Welcome to our weekly summary of the latest research from the world of sports nutrition.
Cranberry Supplementation Improves Performance in Trained Runners
This study examined the impact of cranberry extract supplementation on the performance of trained runners. Cranberries are known for their high polyphenol and antioxidant content, and were hypothesized to enhance performance by mitigating exercise-induced free radical production. Researchers tested 14 runners at baseline, after a single dose and following four weeks of daily supplementation, and found indications of improved recovery. It appeared that chronic cranberry extract intake improved aerobic performance in a 1500-meter race by enhancing muscle re-oxygenation rates and by buffering lactate response after a 400-meter race. These findings suggest that regular cranberry supplementation may provide ergogenic benefits that improve physiological performance markers in short- and long-distance running scenarios.
Our Thoughts: Eating cranberries daily may improve your endurance performance, which is great news if you like cranberries.
Beta-alanine and Carnosine May Play a Role in Slowing Aging
This study explored how beta-alanine and carnosine, a compound formed from beta-alanine and histidine, may combat aging. Carnosine is crucial for maintaining muscle buffering capacity and averting muscle decline as we age, and it serves as an antioxidant, counteracting the buildup of harmful molecules in our bodies. Declining levels of carnosine with age lead to reduced muscle buffering capacity, which can contribute to muscle issues over time. Supplementation with beta-alanine helps replenish carnosine levels, offering benefits like improved muscle function and a potentially lower risk of degenerative diseases. Additionally, carnosine exhibits anti-inflammatory properties and may contribute to skin health, intestinal integrity and cognitive function, highlighting its potential as an anti-aging intervention.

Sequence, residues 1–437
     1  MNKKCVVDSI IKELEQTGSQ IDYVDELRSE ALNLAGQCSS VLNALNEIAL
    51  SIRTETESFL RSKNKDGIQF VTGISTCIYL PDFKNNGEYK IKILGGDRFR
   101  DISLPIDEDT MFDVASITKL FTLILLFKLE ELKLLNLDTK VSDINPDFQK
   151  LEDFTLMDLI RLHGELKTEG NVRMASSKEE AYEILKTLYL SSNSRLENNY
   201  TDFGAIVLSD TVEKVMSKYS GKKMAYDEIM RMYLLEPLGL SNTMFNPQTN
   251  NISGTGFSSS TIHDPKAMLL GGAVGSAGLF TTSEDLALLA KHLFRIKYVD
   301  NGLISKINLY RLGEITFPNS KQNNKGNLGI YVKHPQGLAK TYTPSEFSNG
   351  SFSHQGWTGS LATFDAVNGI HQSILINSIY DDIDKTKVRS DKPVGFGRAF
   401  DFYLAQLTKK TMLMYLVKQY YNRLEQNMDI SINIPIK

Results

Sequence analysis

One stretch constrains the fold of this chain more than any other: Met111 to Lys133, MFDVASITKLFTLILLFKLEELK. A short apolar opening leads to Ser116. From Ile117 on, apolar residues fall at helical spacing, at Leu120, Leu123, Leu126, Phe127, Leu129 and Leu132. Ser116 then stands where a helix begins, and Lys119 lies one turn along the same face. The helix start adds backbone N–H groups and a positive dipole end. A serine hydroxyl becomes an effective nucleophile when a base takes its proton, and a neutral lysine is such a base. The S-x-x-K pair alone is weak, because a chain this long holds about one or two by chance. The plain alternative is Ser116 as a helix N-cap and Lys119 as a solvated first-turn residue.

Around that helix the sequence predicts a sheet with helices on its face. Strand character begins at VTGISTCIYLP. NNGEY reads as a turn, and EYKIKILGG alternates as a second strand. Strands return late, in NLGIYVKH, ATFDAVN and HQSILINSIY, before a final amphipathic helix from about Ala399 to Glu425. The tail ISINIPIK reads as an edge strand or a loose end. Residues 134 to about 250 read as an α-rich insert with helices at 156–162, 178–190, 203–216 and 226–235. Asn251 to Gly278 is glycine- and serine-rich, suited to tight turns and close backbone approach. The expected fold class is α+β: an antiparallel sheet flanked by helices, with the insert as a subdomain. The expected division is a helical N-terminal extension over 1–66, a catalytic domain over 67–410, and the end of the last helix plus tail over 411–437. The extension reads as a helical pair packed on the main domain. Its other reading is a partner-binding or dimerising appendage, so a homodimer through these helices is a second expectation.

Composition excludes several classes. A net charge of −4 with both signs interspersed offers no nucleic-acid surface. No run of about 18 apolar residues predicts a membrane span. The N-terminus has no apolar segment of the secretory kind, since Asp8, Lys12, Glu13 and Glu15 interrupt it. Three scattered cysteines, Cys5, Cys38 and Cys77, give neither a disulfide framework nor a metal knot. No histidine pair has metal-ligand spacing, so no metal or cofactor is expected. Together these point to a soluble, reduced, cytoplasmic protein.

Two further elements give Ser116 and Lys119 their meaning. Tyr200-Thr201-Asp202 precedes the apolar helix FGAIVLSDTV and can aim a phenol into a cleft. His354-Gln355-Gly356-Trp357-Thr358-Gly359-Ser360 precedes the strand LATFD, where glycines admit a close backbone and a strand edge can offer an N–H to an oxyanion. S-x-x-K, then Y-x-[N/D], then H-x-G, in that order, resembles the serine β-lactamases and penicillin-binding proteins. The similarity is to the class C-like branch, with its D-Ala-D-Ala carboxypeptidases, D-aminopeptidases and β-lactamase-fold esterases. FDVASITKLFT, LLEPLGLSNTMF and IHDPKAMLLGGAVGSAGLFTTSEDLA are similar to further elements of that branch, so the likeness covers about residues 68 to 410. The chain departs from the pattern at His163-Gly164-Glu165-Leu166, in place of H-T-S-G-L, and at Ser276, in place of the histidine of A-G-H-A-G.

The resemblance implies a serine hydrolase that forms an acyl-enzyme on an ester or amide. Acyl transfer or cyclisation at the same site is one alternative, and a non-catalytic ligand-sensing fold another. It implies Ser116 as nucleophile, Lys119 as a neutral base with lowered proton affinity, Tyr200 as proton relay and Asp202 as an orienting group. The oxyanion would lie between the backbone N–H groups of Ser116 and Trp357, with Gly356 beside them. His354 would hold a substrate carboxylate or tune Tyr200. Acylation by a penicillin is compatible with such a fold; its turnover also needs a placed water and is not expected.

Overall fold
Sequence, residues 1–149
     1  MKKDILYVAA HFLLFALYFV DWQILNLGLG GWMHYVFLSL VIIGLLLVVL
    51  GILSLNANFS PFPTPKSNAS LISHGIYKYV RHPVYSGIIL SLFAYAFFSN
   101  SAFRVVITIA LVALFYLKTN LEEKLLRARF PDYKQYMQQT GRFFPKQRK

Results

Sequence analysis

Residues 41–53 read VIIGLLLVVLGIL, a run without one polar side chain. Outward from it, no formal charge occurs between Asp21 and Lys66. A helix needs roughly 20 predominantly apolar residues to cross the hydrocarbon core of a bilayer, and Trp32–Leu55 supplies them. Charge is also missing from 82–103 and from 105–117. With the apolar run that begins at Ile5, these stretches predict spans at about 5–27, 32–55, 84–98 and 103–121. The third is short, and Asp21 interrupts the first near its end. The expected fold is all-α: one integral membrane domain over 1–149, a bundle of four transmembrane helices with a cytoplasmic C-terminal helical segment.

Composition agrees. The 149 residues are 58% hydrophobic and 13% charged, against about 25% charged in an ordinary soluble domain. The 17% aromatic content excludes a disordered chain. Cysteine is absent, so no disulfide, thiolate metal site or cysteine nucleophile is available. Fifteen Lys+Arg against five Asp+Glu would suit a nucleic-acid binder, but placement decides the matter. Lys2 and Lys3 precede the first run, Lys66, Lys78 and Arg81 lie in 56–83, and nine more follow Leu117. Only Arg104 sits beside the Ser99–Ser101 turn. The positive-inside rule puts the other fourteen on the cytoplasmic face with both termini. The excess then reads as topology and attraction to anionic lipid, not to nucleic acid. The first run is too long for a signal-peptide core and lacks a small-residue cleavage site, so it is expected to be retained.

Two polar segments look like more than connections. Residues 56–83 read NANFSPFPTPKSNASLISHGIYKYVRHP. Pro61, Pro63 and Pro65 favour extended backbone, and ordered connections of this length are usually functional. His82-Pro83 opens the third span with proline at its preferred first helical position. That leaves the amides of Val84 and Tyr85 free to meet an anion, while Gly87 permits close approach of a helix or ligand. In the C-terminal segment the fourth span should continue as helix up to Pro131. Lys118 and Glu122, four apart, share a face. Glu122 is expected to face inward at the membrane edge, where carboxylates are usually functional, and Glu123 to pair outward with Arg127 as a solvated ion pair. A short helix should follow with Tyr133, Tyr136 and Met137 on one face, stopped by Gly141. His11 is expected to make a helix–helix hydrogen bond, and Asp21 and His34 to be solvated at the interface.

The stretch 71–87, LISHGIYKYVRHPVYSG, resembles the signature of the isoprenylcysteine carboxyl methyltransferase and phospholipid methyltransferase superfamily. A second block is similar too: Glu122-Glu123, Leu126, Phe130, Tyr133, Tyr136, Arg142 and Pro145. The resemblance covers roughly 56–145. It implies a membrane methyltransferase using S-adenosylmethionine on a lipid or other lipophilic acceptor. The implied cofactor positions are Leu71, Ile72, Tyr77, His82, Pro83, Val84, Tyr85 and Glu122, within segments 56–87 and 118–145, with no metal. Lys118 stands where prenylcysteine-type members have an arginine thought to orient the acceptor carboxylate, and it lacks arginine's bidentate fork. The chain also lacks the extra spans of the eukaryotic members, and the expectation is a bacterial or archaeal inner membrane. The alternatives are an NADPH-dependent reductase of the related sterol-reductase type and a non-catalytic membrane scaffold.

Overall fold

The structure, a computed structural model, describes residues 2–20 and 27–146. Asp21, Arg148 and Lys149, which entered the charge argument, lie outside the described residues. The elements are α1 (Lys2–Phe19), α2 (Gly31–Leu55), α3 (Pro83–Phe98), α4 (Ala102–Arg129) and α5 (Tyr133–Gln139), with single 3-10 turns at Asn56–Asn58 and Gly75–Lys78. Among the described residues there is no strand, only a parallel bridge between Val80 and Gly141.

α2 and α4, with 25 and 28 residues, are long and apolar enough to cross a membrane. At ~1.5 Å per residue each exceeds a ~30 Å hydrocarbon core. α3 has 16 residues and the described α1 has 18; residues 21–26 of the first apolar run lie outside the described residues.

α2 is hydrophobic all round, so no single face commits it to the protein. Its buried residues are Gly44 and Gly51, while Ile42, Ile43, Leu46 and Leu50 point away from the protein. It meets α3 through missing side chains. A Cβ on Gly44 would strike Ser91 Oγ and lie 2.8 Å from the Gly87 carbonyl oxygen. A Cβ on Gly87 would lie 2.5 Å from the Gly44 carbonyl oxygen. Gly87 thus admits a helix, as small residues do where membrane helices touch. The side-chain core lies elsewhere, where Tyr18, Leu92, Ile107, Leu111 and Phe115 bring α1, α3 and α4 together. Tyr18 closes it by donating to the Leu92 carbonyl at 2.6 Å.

Our Thoughts: While not training-related, this study highlights beta-alanine’s potential impact on the body as we age.
Sports Science Journals Don’t Always Publish Negative Findings
This study looked into whether there's bias in sports science research on substances or methods that might improve athletic performance, known as ergogenic aids. The researchers found that journals tend to favour publishing studies with positive results while often overlooking those with negative findings, creating a gap between what is reported and what actually happens in the studies. They also discovered inconsistencies between what is reported in the studies and the actual results regarding performance improvements. These findings suggest a need for more balanced reporting of both positive and negative results in sports science research to ensure the reliability of evidence in the field.
Our Thoughts: The public should have access to more data about supplement ingredients that don’t work since it helps companies like Blonyx decide what products to provide or not provide, and it helps athletes decide what to take or not take.